Native Village 
Youth and Education News

October 2012

Native Sorority Empowers Women and Promotes culture
http://indiancountrytodaymedianetwork.com/
Condensed by Native Village

Native women in universities across the U.S  are finding friendship and sisterhood as members of the first American Indian sorority in history.

Alpha Pi Omega was founded in 1994 by Native students at the University of North Carolina at Chapel Hill. Known as the Four Winds, the women Jamie Goins, Lumbee; Shannon Brayboy, Lumbee;  Christina Strickland, Lumbee;  and Amy Locklear, Lumbee/Coharie -- shared their idea of a sorority based on American Indian traditions with women elders from several North Carolina tribes.

The elders gave the sorority their blessing, and Alpha Pi Omega pledged its first class of sisters, known as the Fifteen Warrior Women, in the spring of 1995. The sorority was incorporated that fall.

Today, Alpha Pi Omega has chapters on campuses across the country:

Alpha Chapter
 UNC-Chapel Hill
Established Sept. 1, 1994
 Beta Chapter
 UNC-Pembroke
Chartered Nov. 27, 1996
 Gamma Chapter
Oklahoma State University
Chartered May 29, 2004
 Delta Chapter
University of New Mexico
Chartered May 28, 2005
 Epsilon Chapter
" Dartmouth College
Chartered May 27, 2006
 Zeta Chapter
University of Arizona
Chartered May 27, 2006
 Eta Chapter — North Carolina State University
Chartered June 2, 2007
 Theta Chapter
Northeastern State University
Chartered June 2, 2007
Iota Chapter
 Arizona State University
Chartered June 7, 2008
 Alpha Pi Chapter
The Triangle, N.C.
Established Sept. 1, 1994
Beta Pi Chapter
Robeson County, N.C.
Chartered Nov. 27, 1996
 Gamma Pi Chapter  Columbus County, N.C.
Chartered May 29, 2004
Delta Pi Chapter
Payne County, Okla.
Chartered May 28, 2005
Provisional chapter
District of Columbia (Graduate)
Provisional chapter
Bernalillo County, N.M. (Graduate)
Provisional chapter
Oregon State University, Corvallis, Ore.
Honey Processes have also been conducted at:
University of Wisconsin-Madison University of Northern Colorado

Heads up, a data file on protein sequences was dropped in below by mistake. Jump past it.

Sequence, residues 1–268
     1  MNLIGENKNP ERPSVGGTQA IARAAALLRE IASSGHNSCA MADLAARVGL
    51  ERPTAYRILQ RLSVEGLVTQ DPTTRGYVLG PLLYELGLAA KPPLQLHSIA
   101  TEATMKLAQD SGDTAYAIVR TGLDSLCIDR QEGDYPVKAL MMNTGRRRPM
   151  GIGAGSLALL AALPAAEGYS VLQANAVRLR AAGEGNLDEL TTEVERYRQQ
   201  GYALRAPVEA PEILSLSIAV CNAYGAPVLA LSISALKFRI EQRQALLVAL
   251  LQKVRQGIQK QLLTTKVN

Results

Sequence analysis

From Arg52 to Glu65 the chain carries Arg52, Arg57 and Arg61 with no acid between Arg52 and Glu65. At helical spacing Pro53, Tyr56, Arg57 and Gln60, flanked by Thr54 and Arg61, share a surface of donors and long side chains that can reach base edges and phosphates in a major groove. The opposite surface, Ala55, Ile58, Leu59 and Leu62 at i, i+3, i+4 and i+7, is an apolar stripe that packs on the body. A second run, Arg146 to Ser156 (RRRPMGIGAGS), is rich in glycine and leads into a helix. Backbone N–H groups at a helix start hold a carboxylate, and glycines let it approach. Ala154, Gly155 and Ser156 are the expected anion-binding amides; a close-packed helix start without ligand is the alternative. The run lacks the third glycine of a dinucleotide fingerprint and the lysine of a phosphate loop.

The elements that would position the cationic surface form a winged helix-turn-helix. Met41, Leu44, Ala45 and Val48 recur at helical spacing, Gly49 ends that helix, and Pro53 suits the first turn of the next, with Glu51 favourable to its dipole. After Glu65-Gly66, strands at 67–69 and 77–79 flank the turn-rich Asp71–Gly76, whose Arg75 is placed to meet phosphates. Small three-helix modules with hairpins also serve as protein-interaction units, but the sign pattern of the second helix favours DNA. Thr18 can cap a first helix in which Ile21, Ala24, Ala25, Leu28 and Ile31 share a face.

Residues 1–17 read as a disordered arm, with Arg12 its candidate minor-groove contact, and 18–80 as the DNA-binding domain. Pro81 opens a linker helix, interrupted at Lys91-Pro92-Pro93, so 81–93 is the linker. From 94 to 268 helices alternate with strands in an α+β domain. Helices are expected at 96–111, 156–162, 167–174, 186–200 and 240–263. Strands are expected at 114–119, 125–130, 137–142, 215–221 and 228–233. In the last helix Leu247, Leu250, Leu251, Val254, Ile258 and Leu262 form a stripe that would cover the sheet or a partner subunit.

Greeley, Colo.
 Dane County, Wisc.
(Graduate)
 Boston area-wide (Undergraduate)
Haskell Indian Nations University,
Lawrence, Kan.
Western Carolina University
Cullowhee, N.C.
University of Kansas,
Lawrence, Kan.
 University of North Dakota, Grand Forks, N.D.

  provides a network of support for college and professional Native women while embracing traditional cultural practices. More than 70 tribes are represented nationwide.

The sorority “has benefitted me personally in a lot of ways,” said 21-year-old Shawna Nelson who joined in 2010. A nursing student, Nelson wanted to keep her Navajo culture alive during her college years. “I am very traditional, so it was nice to have a lot of girls I related to, sisters who were involved in their tribes’ heritage, sisters who were wearing Native regalia. It was something so different from all those Greek houses.”

During July's grand gathering at Oklahoma State University, Nelson was nominated as Pi of the Year, the sorority’s highest individual honor. Among her accomplishments was serving as president of the Delta Chapter.

 “[Alpha Pi Omega] has taught me how to conduct myself, to plan events, to delegate tasks. It also has taught me to take pride in our cultural heritage. ... we have the ability to show other people that we know who we are and what we believe in. We are proud of that and want to share it.”

   Alpha Pi Omega

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